When the Colorado legislature convened this week, local organizations were already keeping an eye on possible new requirements for Realtors, regulations affecting small businesses, policy that seeks to mitigate foreclosures and the privatization of the state’s workers’ compensation provider Pinnacol Assurance.
Here’s a summary of local priorities:
Tony Gagliardi, Colorado director of the National Federation of Independent Businesses, said he’s watching to make sure legislators focus on creating jobs rather than adding more of the regulatory red tape that stymies businesses.
It’s what small business advocates watch for every legislative season, and this year is no different.
Gov. John Hickenlooper released a report this week called “Cutting Red Tape in Colorado State Government,” and last year, the Department of Regulatory Agencies launched the “Pits and Peeves” Roundtable Initiative, meeting with business leaders, local government officials, nonprofit organizations and public policy groups about what grips them about government regulations. The report identifies systematic problems and calls for the need for greater coordination among agencies.
Gagliardi said he expects lawmakers to introduce bills that are in line with the governor’s desires to examine reform and regulatory structure,”
“The governor is aware of the unnecessary and duplicative regulations,” he said.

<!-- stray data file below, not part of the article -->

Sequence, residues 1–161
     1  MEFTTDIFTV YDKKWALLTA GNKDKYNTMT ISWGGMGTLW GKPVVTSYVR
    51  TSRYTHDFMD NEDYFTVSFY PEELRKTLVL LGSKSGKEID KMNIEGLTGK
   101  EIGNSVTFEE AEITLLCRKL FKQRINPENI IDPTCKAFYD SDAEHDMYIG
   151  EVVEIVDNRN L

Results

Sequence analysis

For example, Gagliardi said, a contractor who works in multiple municipalities has to register multiple times.
He said a firm that wants to do business with the government completes a major application to get on the list of approved vendors. Now, that business would complete the same application at the federal level and the state level, Gagliardi said. It’s a waste of time.
“If you are qualified at one level, you should be qualified at both,” he said. “We can’t dictate to the federal government, so the state needs to look at this.”
Small businesses also will have a big stake in the Pinnacol Assurance, the quasi-governmental workers compensation insurance fund, debate over whether it should become a private company.
About 80 percent of the Colorado NFIB’s 7,500 members use Pinnacol and would be affected by the decision.
Gagliardi said he will survey the NFIB membership in the coming weeks to come up with a pro/con response for a statewide taskforce looking at the issue.
“We don’t want any changes to the Colorado workers compensation process,” he said. “We have very good reforms in place for the last 15 years and we don’t want anything to jeopardize that.”
Independent Electrical Contractors are closely monitoring a proposal that would direct state agencies to give preference to Colorado companies bidding on state government contracts. At first blush it seems like a good idea, said Spenser Villwock, IEC executive director. The association, which has a Colorado Springs chapter, represents about 180 companies.